For Who?

I once knew a woman who lied to me about being diagnosed with terminal cancer.

Just now I was looking through some of my old writings and came across a poem I wrote about 7 years ago.  At the time of its writing I thought it perhaps one of my best pieces ever and perhaps considered it bordering on great; however, it had been so long since I thought about it, today when I saw it, I wasn’t at first sure what it was.  But after a few re-readings, it’s confirmed: it’s a great poem.

The only problem is, I wrote it for a woman who lied to me about the fact that she was dying of cancer.  I won’t elaborate because, aside from that small fact, it’s not my story to tell.  But I wonder (and I honestly don’t know): how much of this poem’s power is lost because of the fraud for which it was written?


For Ruby

There are men with grease-covered fingers
Who in shack-like bars
Drink strong whiskey
Night after night
And speak of earthy things
Like work and sports
Cars and overtime
Night after night.
They wear the tattered clothes of toil
And smell like mud and forgotten coffee;
These men with the grease-covered fingers
Don’t come and go
(don’t change season to season)
And for better or worse
They know the value of a passing hour.

There are wrinkled women with knitting needles
Who in large bay windows sit
As the town becomes cold
And all around them lights go dim
(pull the needle, pull the string).
They watch the cars drive slowly by
While inside their brains
The foggy undercurrent of old age rages
(the broken bones of youth?
the marriages, the foot doctors,
the miserable trips to the beach with the bee stings,
And the smells of fried eggs and moth balls
Leak from under their doors;
These sagging women with the knitting needles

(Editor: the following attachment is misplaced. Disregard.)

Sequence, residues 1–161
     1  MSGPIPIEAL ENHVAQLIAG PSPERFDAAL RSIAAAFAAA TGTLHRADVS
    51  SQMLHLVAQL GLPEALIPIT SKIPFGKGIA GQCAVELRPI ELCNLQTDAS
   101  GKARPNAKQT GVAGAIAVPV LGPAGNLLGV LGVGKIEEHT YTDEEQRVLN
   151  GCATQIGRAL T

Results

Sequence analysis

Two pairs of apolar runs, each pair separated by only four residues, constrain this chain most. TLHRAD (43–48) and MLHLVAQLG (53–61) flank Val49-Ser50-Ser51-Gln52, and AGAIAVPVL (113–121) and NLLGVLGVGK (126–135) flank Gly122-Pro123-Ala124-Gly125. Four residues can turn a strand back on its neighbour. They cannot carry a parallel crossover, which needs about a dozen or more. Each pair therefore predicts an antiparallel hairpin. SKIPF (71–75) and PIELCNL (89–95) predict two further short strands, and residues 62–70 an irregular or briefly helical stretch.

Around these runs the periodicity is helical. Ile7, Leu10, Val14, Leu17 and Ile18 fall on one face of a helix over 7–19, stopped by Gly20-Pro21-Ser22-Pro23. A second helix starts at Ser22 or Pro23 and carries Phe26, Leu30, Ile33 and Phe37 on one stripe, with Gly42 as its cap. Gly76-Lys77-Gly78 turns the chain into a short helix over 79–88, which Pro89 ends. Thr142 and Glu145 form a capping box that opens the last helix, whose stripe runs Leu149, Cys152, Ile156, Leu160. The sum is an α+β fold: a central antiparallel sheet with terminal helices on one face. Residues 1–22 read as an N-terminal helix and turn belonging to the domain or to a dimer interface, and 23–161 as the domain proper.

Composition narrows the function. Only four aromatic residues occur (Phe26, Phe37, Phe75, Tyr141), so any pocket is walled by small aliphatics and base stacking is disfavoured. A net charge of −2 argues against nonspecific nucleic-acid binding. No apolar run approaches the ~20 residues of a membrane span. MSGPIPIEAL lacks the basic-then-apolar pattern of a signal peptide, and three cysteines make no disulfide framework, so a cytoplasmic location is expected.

Have forgotten what they used to know about time,
And bodies.

There are the lawyers, the savages, the body-building kids;
There are men in tight pants, women at car washes, babies in blankets;
There are balloonists, enthusiasts, part-time party clowns;
There are the frat boys with the tucked-in Polos,
Women on Death Row delivering infants,
The dry-wall hangers with the nagging cough, the cab drivers who smell of leather,
Shoe salesman round every corner,
Folks asking for coins,
Mail ladies with Carpal Tunnel
Soda-guzzling fat kids
Coked-out sweaty toll booth people
The nameless the homeless the shoeless the hairless
There are the football players, the deacons, the late-night whores;

There are the gray judges, trampoline families, laughter running through sprinklers;
There are Lobster-catchers whose hands smell like salt and death;
There are Siamese twins, plow drivers, folks with no faith;
There are musty shut-ins,
Gamers, the high-fashion minded,
All of them silently ticking, ticking, ticking,
The world a massive mutable bomb.

And then there is you, Ruby, with your
Six-to-eight weeks to live
And your twirling dance ’round the dining room;
Oh how I wish I could know you more
(ask you more questions, tell you more things)
And that time could stop for now.
But it won’t
(it doesn’t; it never has)
And when your spark arcs over my roof some night
On it’s way to where you’re going
I hope we can share a brief glance
So you can see me smiling so wide
You lived!  You lived!

One Response to “For Who?”

  1. It willAlways be a great work!

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